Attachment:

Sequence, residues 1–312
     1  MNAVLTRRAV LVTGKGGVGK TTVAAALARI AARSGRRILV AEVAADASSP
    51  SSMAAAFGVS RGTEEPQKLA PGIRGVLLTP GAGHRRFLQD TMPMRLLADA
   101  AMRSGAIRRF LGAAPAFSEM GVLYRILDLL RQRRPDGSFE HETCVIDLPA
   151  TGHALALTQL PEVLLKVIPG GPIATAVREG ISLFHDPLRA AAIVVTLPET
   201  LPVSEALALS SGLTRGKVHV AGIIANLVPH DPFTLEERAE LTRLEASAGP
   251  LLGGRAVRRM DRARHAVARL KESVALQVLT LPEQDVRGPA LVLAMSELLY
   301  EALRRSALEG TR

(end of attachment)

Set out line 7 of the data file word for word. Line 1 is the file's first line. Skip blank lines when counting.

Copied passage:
   251  LLGGRAVRRM DRARHAVARL KESVALQVLT LPEQDVRGPA LVLAMSELLY